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Unfair Fair?

The theme for this year’s Del Mar Fair is “Music Mania.” Chris Behar of reggae band High Tide thinks that’s false advertising. “The fair is supposed to be all about music this year. They are leaving out one of the most popular genres, reggae music.”

After a Ziggy Marley concert at the Fairgrounds last August, local groups such as the San Dieguito Alliance for Drug Free Youth complained to the Fair’s board of directors that the state-owned facility is no place for reggae concerts because they foster open smoking of marijuana in an all-age setting. At an October board meeting, general manager Tim Fennell said he would consider forbidding all reggae shows at the Del Mar Fair.

In the past, the Fair has hosted grandstand headliners like Steel Pulse, the Wailers, Maxi Priest, Eek-A-Mouse, and the Wailing Souls. This year there are no reggae headliners.

“This is an all-age event that is supposed to have something for everyone,” says Eric Castaneda, lead singer of Stone Senses. “It’s as if they are discriminating against one style of music because of a stereotypical image they have of reggae. Reggae is much more than smoking pot.”

Although Fennell said in the past he would consider a ban against reggae shows, he now says that those anti-drug groups “had no bearing” on the Fair’s talent-booking policy this year. “It was a scheduling problem,” he says. “We tried to get [a headliner], but we couldn’t line up their schedule with ours.” Fennell says he could not remember which artist it was that the Fair was trying to book.

Why couldn’t the Fair have hired local reggae bands such as Stone Senses, Tribal Seeds, or High Tide to play the Fair?

“I’ll have to get back to you on that,” says Fennell. “I’m busy trying to keep the Fairgrounds from getting sold.”

Tim Read, director of operations for the Del Mar Thoroughbred Club, which hosted the Ziggy Marley concert last year, says staging reggae bands at its 4 O’Clock Friday and Saturday shows is good business. “San Diego has always been a huge market for reggae.” He says the Thoroughbred Club will host Steel Pulse August 22, free with admission to the races.

Read says that in response to the dustup over pot smoke, his organization has forbidden all smoking in the concert venue during the show. He says he was reluctant to second-guess the Fair’s decision to veto all reggae bands this year. “They are our landlords…But I think reggae will eventually come back [to the Fair].”


Hear Ken Leighton discuss this further on Reader Radio!

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The theme for this year’s Del Mar Fair is “Music Mania.” Chris Behar of reggae band High Tide thinks that’s false advertising. “The fair is supposed to be all about music this year. They are leaving out one of the most popular genres, reggae music.”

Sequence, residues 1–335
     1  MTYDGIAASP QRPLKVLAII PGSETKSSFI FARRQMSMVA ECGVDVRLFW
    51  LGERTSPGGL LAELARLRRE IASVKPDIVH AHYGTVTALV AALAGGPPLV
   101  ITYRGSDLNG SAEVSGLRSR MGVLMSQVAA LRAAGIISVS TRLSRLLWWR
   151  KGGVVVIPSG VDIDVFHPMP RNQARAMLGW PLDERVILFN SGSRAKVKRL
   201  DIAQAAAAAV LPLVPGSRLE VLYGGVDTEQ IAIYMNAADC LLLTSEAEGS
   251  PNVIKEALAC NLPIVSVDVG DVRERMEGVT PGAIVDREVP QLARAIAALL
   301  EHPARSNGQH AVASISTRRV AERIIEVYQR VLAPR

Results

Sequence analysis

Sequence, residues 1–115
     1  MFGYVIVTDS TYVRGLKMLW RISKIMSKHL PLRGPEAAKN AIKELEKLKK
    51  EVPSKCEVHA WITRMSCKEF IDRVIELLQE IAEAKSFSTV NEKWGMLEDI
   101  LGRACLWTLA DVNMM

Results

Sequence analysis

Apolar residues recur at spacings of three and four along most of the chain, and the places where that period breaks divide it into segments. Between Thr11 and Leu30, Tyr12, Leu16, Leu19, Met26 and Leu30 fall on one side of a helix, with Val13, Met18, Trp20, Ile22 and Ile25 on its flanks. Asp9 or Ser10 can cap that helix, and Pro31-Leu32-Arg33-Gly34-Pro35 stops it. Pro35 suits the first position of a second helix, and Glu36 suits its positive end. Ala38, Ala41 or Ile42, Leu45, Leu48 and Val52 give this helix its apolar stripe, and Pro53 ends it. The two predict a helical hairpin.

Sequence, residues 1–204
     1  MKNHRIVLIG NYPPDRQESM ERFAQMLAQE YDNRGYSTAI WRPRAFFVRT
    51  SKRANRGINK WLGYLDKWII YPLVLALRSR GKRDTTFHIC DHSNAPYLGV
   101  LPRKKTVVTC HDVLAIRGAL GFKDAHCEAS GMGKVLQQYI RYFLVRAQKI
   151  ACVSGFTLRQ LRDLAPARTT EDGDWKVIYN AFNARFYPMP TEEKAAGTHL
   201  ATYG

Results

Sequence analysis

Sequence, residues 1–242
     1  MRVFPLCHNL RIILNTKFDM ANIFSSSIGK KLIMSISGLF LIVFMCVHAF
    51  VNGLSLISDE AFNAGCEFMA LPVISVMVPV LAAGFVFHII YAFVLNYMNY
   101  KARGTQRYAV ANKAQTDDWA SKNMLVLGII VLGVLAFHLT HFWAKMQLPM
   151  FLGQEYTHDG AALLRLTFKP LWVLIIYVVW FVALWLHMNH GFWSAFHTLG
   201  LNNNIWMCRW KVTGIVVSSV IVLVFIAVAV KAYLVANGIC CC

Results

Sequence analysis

After a Ziggy Marley concert at the Fairgrounds last August, local groups such as the San Dieguito Alliance for Drug Free Youth complained to the Fair’s board of directors that the state-owned facility is no place for reggae concerts because they foster open smoking of marijuana in an all-age setting. At an October board meeting, general manager Tim Fennell said he would consider forbidding all reggae shows at the Del Mar Fair.

In the past, the Fair has hosted grandstand headliners like Steel Pulse, the Wailers, Maxi Priest, Eek-A-Mouse, and the Wailing Souls. This year there are no reggae headliners.

“This is an all-age event that is supposed to have something for everyone,” says Eric Castaneda, lead singer of Stone Senses. “It’s as if they are discriminating against one style of music because of a stereotypical image they have of reggae. Reggae is much more than smoking pot.”

Although Fennell said in the past he would consider a ban against reggae shows, he now says that those anti-drug groups “had no bearing” on the Fair’s talent-booking policy this year. “It was a scheduling problem,” he says. “We tried to get [a headliner], but we couldn’t line up their schedule with ours.” Fennell says he could not remember which artist it was that the Fair was trying to book.

Why couldn’t the Fair have hired local reggae bands such as Stone Senses, Tribal Seeds, or High Tide to play the Fair?

“I’ll have to get back to you on that,” says Fennell. “I’m busy trying to keep the Fairgrounds from getting sold.”

Tim Read, director of operations for the Del Mar Thoroughbred Club, which hosted the Ziggy Marley concert last year, says staging reggae bands at its 4 O’Clock Friday and Saturday shows is good business. “San Diego has always been a huge market for reggae.” He says the Thoroughbred Club will host Steel Pulse August 22, free with admission to the races.

Read says that in response to the dustup over pot smoke, his organization has forbidden all smoking in the concert venue during the show. He says he was reluctant to second-guess the Fair’s decision to veto all reggae bands this year. “They are our landlords…But I think reggae will eventually come back [to the Fair].”


Hear Ken Leighton discuss this further on Reader Radio!

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